Filing 18

MEMORANDUM OPINION re 17 Order Granting Defendant's Motion for Summary Judgment. Signed by Judge Christopher R. Cooper on 8/28/2017. (lccrc2)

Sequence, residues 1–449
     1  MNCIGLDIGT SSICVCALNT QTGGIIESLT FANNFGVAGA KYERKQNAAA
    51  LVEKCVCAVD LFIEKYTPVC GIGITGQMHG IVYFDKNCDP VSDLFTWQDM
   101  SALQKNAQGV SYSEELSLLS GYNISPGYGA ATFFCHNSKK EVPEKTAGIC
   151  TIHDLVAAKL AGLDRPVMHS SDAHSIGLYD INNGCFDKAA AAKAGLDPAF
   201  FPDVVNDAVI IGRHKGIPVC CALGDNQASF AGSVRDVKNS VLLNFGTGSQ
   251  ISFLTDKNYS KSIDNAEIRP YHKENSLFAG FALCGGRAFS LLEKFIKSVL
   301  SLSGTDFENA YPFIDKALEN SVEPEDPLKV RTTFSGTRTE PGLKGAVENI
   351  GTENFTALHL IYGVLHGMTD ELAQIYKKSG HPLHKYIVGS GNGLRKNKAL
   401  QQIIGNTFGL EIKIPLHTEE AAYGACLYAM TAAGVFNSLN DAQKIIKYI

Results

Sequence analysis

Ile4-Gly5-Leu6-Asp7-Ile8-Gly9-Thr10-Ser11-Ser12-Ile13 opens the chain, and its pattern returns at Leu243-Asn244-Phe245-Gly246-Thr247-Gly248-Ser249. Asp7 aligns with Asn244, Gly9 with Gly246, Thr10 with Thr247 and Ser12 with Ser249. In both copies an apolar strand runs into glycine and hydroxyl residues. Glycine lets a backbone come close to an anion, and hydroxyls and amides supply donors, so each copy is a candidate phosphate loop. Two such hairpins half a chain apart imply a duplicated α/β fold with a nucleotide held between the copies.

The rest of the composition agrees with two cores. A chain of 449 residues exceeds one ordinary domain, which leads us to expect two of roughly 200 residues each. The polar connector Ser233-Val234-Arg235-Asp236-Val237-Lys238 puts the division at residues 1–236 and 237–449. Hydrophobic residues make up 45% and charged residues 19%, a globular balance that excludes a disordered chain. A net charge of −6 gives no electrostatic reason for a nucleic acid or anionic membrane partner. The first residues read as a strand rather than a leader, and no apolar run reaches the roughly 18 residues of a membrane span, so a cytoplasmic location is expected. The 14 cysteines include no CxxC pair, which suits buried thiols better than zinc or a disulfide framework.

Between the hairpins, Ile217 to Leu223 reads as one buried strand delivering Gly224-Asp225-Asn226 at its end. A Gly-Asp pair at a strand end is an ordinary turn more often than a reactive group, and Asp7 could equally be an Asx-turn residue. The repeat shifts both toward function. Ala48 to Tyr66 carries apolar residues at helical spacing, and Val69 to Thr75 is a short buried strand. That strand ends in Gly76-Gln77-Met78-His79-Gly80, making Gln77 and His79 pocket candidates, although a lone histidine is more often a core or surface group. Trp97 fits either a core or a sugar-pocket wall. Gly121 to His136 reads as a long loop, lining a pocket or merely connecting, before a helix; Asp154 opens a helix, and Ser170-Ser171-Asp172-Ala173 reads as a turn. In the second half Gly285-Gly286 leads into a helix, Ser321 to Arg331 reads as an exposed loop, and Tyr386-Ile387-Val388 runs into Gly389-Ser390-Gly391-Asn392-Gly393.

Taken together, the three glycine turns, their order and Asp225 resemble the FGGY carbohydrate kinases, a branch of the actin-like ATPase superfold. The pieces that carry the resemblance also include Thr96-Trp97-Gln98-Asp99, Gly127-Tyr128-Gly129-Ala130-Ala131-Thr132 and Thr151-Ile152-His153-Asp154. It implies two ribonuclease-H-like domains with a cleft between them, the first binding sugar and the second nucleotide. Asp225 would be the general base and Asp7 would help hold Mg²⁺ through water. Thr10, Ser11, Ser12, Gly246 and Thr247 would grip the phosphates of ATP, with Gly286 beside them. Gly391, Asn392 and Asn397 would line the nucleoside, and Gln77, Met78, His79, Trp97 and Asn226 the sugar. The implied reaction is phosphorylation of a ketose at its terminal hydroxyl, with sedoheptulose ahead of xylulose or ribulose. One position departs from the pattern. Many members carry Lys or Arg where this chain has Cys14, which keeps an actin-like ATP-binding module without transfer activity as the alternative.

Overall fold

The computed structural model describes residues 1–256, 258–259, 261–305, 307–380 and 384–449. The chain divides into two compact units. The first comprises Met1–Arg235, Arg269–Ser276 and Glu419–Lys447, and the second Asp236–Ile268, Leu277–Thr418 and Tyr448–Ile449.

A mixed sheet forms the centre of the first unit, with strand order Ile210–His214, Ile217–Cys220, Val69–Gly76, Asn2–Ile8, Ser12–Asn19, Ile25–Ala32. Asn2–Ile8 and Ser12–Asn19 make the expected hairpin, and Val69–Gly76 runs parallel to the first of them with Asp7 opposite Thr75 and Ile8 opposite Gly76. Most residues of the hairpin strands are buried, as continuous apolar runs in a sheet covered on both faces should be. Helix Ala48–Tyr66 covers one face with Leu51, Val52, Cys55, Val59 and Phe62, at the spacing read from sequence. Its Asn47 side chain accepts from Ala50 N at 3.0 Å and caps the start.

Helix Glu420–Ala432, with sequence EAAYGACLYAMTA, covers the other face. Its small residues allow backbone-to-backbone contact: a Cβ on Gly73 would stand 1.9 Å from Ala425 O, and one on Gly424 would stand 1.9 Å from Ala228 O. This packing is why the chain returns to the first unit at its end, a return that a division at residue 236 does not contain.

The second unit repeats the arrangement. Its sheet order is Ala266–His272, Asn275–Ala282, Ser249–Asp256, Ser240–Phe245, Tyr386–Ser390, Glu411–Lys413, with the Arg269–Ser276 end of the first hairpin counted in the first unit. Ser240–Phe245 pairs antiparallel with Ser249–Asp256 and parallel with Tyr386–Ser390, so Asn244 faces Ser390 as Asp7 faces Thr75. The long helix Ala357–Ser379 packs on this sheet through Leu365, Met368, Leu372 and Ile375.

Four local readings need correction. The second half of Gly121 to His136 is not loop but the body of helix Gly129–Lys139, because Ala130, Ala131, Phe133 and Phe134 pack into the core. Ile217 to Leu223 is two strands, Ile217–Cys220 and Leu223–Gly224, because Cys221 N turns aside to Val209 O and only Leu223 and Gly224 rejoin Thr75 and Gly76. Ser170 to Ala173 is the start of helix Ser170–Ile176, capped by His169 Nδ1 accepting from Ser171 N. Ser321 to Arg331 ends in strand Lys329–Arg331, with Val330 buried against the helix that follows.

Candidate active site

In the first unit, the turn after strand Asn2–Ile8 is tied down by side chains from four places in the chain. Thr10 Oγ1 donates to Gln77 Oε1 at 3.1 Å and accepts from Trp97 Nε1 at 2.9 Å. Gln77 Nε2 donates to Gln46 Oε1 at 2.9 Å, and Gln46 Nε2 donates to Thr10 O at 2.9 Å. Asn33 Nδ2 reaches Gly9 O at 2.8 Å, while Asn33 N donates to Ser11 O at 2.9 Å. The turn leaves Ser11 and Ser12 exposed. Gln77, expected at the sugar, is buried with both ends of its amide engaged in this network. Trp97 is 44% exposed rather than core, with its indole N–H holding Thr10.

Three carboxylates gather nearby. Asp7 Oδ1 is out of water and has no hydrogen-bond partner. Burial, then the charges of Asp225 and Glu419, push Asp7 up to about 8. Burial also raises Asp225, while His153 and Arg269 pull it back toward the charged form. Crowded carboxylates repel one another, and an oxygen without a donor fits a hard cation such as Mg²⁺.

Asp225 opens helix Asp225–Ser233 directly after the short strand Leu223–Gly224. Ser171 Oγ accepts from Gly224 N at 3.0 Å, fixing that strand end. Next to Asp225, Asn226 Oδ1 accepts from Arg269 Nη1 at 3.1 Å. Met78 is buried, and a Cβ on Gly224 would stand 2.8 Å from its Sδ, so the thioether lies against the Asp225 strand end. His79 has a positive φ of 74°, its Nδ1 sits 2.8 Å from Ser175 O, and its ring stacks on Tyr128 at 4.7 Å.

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UNITED STATES DISTRICT COURT FOR THE DISTRICT OF COLUMBIA MARSHA HOUSER, Plaintiff, v. Case No. 16-cv-1628 (CRC) DAVID J. SHULKIN, 1 Secretary, Department of Veteran Affairs Defendant. MEMORANDUM OPINION Marsha Houser, a former employee of the United States Department of Veteran Affairs, brought suit against her former employer alleging discrimination on the basis of race in violation of Title VII of the Civil Rights Act, 42 U.S.C. § 2000e et seq., and discrimination on the basis of disability and retaliation in violation of the Rehabilitation Act, 29 U.S.C. § 794. 2 Defendant David J. Shulkin, the Secretary of the Department of Veteran Affairs, moved for dismissal or, in the alternative, for summary judgment. Because Houser failed to properly exhaust her administrative remedies, the Court grants Defendant’s motion. 1 By operation of Fed. R. Civ. P. 25(d), the current Secretary of the Department of Veteran Affairs, as former Secretary Robert A. McDonald’s successor, has been “automatically substituted as a party.” 2 In her complaint, Houser refers to the Americans with Disabilities Act. Compl. 5. But since the Americans with Disabilities Act does not apply to the federal government, see 42 U.S.C. § 12111(5)(B)(i), the Court assumes she meant to refer to the Rehabilitation Act. I. Background Marsha Houser is an African-American woman who formerly worked in the Department of Veteran Affairs. Compl. ¶ 4. Following nine years of service in the United States Army, she was diagnosed with Post Traumatic Stress Disorder and Major Depressive Disorder. Compl. ¶¶ 6–7. On February 11, 2014, Houser submitted a request for an accommodation due to her disability. Compl. ¶ 14; Def’s. Mot. Dismiss, or Alternatively, for Summ. J. Ex. A (“Demarins Decl.”), Ex. 1, at 88. She followed up with a second request for an accommodation on April 4, 2014. Compl. ¶ 17; Demarins Decl. Ex. 1, at 29, 61–64. The agency promptly responded with an email asking for further documentation regarding which “aspects of [Houser’s] job requires [her] to have accommodation.” Demarins Decl. Ex. 5, at 44. Houser submitted a third request for an accommodation on October 30, 2014. Compl. ¶ 24; Demarins Decl. Ex. 1, at 29, 33–34. Less than a month later, on November 21, 2014, Houser met with an Equal Employment Opportunity (“EEO”) Counselor at the Department, alleging that she was discriminated against because of her disability. Def.’s Mot. Dismiss, or Alternatively, for Summ. J. Ex. B (“Johnson Decl.”) ¶ 2 & Ex. 1, at 1. This informal counseling process proved unsuccessful and on February 11, 2015, Houser received a letter notifying her of the opportunity to file a complaint related to her allegations. Johnson Decl. ¶ 4 & Ex. 2, at 1. Ultimately, her EEO case was closed on March 10, 2015, with the reason listed as “[w]ithdrawal (no formal complaint filed).” Johnson Decl. Ex. 4. On December 1, 2014, Houser was terminated from employment at the Department. Demarins Decl. ¶ 2. She filed an appeal of this adverse personnel action to the Merit Systems Protection Board (“MSPB”) the next day. Demarins Decl. ¶ 3 & Ex. 1, at 2–4. After being permitted to withdraw her complaint due to family medical issues, Houser re-filed with the 2 MSPB on October 1, 2015. Demarins Decl. ¶¶ 4, 7; id. Ex. 2, at 2 (MSPB order); id. Ex. 4, at 2 (MSPB complaint). In her proceeding before the MSPB, Houser raised affirmative defenses of discrimination on the basis of disability and retaliation for whistleblowing activities. Demarins Decl. Ex. 10, at 1. The MSPB ordered Houser to present evidence on her affirmative defenses and to respond to the Department’s associated discovery requests. Id.; id. at 7 (MSPB order of April 18, 2016). When she failed to do so, the MSPB barred her from raising these claims or introducing evidence on them at her hearing. Demarins Decl. Ex. 11, at 2–3 (MSPB order of May 12, 2016). The MSPB ultimately upheld Houser’s removal on May 31, 2016. Demarins Decl. Ex. 12, at 1 (MSPB order). Houser then appealed this decision to the Equal Employment Opportunity Commission (“EEOC”), which denied her appeal on the basis that the MSPB had not addressed any matters within the EEOC’s jurisdiction. Demarins Decl. Ex. 13, at 1 (EEOC order of July 8, 2016). While her MSPB case was pending, Houser again contacted an EEO Counselor on March 2, 2016, once more raising her allegation of discrimination on the basis of disability and retaliation in the form of the Department’s failure to accommodate and its termination of Houser in December 2014. Johnson Decl. ¶ 12 & Ex. 8, at 2. Houser received her notice of the right to file a complaint on April 26, 2016, and she filed a formal complaint with the agency on May 1. Johnson Decl. ¶¶ 15–16; id. Ex. 9, at 1 (right to file letter); id. Ex. 10, at 1 (complaint). This compliant was dismissed by the agency as untimely since Houser had raised the same allegations in 2014 yet did not file a timely formal complaint at that time. Johnson Decl. ¶ 17 & Ex. 11. On August 18, 2016, Houser filed the present suit against the Department in this Court. She raised three claims: discrimination on the basis of race, discrimination on the basis of disability, and retaliation for engaging in activities protected by the Rehabilitation Act. Compl 5. 3 II. Standard of Review The Department has filed a motion to dismiss under Rule 12(b)(6) or, in the alternative, for summary judgment under Rule 56. Where, as here, “matters outside the pleadings are presented to and not excluded by the court, the motion must be treated as one for summary judgment under Rule 56.” Fed. R. Civ. P. 12(d); see also Center for Auto Safety v. Nat’l Highway Transp. Safety Admin., 452 F.3d 798, 805 (D.C. Cir. 2006). Such treatment is appropriate if the parties are “given a reasonable opportunity to present all the material that is pertinent to the motion.” Fed. R. Civ. P. 12(c). Houser has been accorded a reasonable opportunity to respond and present evidence given that the Department styled its motion as one for summary judgment in the alternative and presented all materials relied on herein as declarations and exhibits to that motion. See, e.g., Center for Auto Safety, 452 F.3d at 805. The Court will therefore treat the Department’s motion as one for summary judgment. Summary judgment is appropriately granted when “the movant shows that there is no genuine dispute as to any material fact and the movant is entitled to judgment as a matter of law.” Fed. R. Civ. P. 56(a). When deciding a motion for summary judgment, the Court must “‘examine the facts in the record and all reasonable inferences derived therefrom in a light most favorable to’ the nonmoving party.” Robinson v. Pezzat, 818 F.3d 1, 8 (D.C. Cir. 2016) (citation omitted). III. Analysis Federal law protects federal employees from discrimination on the basis of their race or disability in employment. See 29 U.S.C. § 794 (disability); 42 U.S.C. § 2000e-2 (race). If a federal employee wishes to bring suit against her employer alleging a violation of her rights, she must first “navigate a maze of administrative processes[.]” Niskey v. Kelly, 859 F.3d 1, 5 (D.C. 4 Cir. 2017). These procedures are the same for claims under both Title VII and the Rehabilitation Act. 29 C.F.R. § 1614.103(a). First, an aggrieved party must consult with the federal agency’s Equal Employment Opportunity (“EEO”) Counselor within 45 days of the allegedly discriminatory incident. 29 C.F.R. § 1614.105(a). At this initial session, the EEO Counselor informs the employee of her rights and responsibilities. Id. § 1614.105(b)(1). If the informal counseling process proves unsuccessful, the EEO Counselor must inform the employee of her right to file a complaint. Id. § 1614.105(d). The employee must file her formal complaint with the agency within 15 days of receiving such notice. Id. § 1614.106(b). The agency then has 180 days to complete its investigation of the complaint. Id. § 1614.108(e). Upon receiving a final agency decision, the employee may either appeal to the EEOC within 30 days or go straight into federal court within 90 days. Id. §§ 1614.402(a), 1614.407(a). This case, however, presents an additional wrinkle: Houser’s case involves a “mixed case,” where “the asserted claim (or claims) both arises under a federal employment discrimination law (such as Title VII) and also relates to or stems from an action that is within the jurisdiction of the Merit Systems Protection Board,” such as Houser’s dismissal. Niskey, 859 F.3d at 6. In such a case, the employee has the option of “forgo[ing] the internal agency exhaustion process and tak[ing] [her] claim directly to” the MSPB. Id. at 7. If the MSPB upholds the agency action, the employee may then pursue review before the EEOC or directly in federal court. Id. Houser’s complaint alleges three claims. Because Houser stopped partway through the administrative process for each of these claims, summary judgment is appropriate for the Department on all counts. 5 A. Count I: Race Discrimination First, Houser alleges discrimination on the basis of race in violation of Title VII. This claim, however, fails to cross the first hurdle for exhaustion: Houser never raised racial discrimination with an EEO Counselor. The report from Houser’s first meeting with an EEO Counselor, in November 2014, states that her claim was solely “discrimination on the basis of disability (physical).” Johnson Decl. Ex. 1, at 2. Of course, because this is a mixed case, her failure to contact an EEO Counselor might be excused if Houser raised her racial discrimination claim before the MSPB. See Niskey, 859 F.3d at 7. But the record from the MSPB proceeding is similarly devoid of any references to racial discrimination. See Demarins Decl. Ex. 10, at 1 (MSPB order of April 18, 2016 listing the affirmative defenses raised by Houser as “discrimination (failure to accommodate), retaliation (whistleblowing), and harmful procedural error”). Because Houser never raised her racial discrimination claim with an EEO Counselor or before the MPSB, she failed to exhaust her administrative remedies as to it. B. Count II: Disability Discrimination Next, Houser alleges discrimination on the basis of disability in violation of the Rehabilitation Act. In contrast to her race discrimination claim, Houser did raise this claim with the EEO Counselor at their November 2014 meeting. Johnson Decl. Ex. 1, at 2. But Houser has presented no evidence to contradict the Department’s credible evidence that no formal complaint was filed within fifteen days of her February 11, 2015 right to file letter, see Johnson Decl. ¶ 8 (“[The agency] has no record of receiving a formal complaint from Houser. . . .”); id. Ex. 4 (agency record showing Houser’s EEO case status as “[w]ithdrawal (no formal complaint 6 filed)”). Houser thus failed to properly complete the internal administrative review process for her disability discrimination claim. Again, this failure could be excused had Houser litigated her disability discrimination claims before the MSPB. See Niskey, 859 F.3d at 7. Houser admittedly raised disability discrimination to the MSPB. See Demarins Decl. Ex. 10, at 1 (MSPB order of April 18, 2016 noting that Houser raised an “affirmative defense[] of disability discrimination”). But Houser ultimately abandoned her disability discrimination argument. The MSPB’s April 18, 2016 order obligated Houser to “specifically identify the factual bases for [this] claim[]” and warned that “failure to supply the required information will result in [this claim] being excluded from the hearing.” Demarins Decl. Ex. 10, at 1; see also id. at 7 (“Failure to respond fully and completely to the information required to support the identified affirmative defenses will result in the exclusion of evidence from the hearing and from consideration in the appeal.” (emphasis in original)). Houser “failed to respond in any way to the Order on affirmative defenses” and never “responded to the agency’s discovery requests in relation to” her disability discrimination claim. Demarins Decl. Ex. 11, at 2 (MSPB Order of May 12, 2016). For this reason, the MSPB excluded any consideration of her disability discrimination defense. Id. at 2–3. The D.C. Circuit has recognized that a plaintiff is barred from raising claims before a court when she has “refused to cooperate in [the administrative] process.” Butler v. West, 164 F.3d 634, 643 (D.C. Cir. 1999); see also Koch v. White, 744 F.3d 162, 165 (D.C. Cir. 2014) (“A plaintiff’s suit ‘will be barred for failure to exhaust administrative remedies’ if he ‘forces an agency to dismiss or cancel the complaint by failing to provide sufficient information to enable the agency to investigate the claim.’” (quoting Wilson v. Peña, 79 F.3d 154, 164 (D.C. Cir. 1996)). By failing to respond to the MSPB’s order, answer the Department’s discovery requests, 7 or introduce evidence to support her claims, Houser failed to cooperate in the administrative process and abandoned her disability discrimination claim before the MSPB. She therefore cannot now raise it in federal court. C. Count III: Retaliation Finally, Houser alleges that the Defendant retaliated against her because of her protected activities. Houser’s briefing clarifies that this protected activity is her “request for reasonable accommodation.” Pl.’s Opp’n to Def. Mot. Dismiss 10. But as with Houser’s racial discrimination claim, she did not raise a retaliation claim with the EEO Counselor in 2014. See Johnson Decl. Ex. 1, at 2. Nor did Houser raise such a claim before the MSPB—the MSPB order states that her retaliation claim was related to “whistleblowing” rather than a request for accommodation. Demarins Decl. Ex. 10, at 1 (MSPB order of April 18, 2016). In any event, Houser abandoned the retaliation claim before the MSPB just as she did the disability discrimination claim. See Demarins Decl. Ex. 11, at 2–3 (MSPB order of May 12, 2016). Because Houser did not either timely raise this claim with an EEO Counselor or fully litigate it before the MSPB, she failed to exhaust her administrative remedies. 3 3 Nor does Houser’s second round of contact with the EEO Counselor suffice to exhaust any of her claims. Her complaint concerns events from 2014. See, e.g., Compl. ¶ 27 (“On November 25, 2014, Ms. Houser was notified that her position with Defendant was terminated.”). Employees must initiate contact with an EEO Counselor within 45 days of the alleged violation. 29 C.F.R. § 1614.105(a). A meeting on March 2, 2016, clearly falls more than 45 days after any events in 2014. 8 IV. Conclusion For the foregoing reasons, the Court will grant Defendant’s motion. A separate Order accompanies this Memorandum Opinion. CHRISTOPHER R. COOPER United States District Judge Date: August 28, 2017 9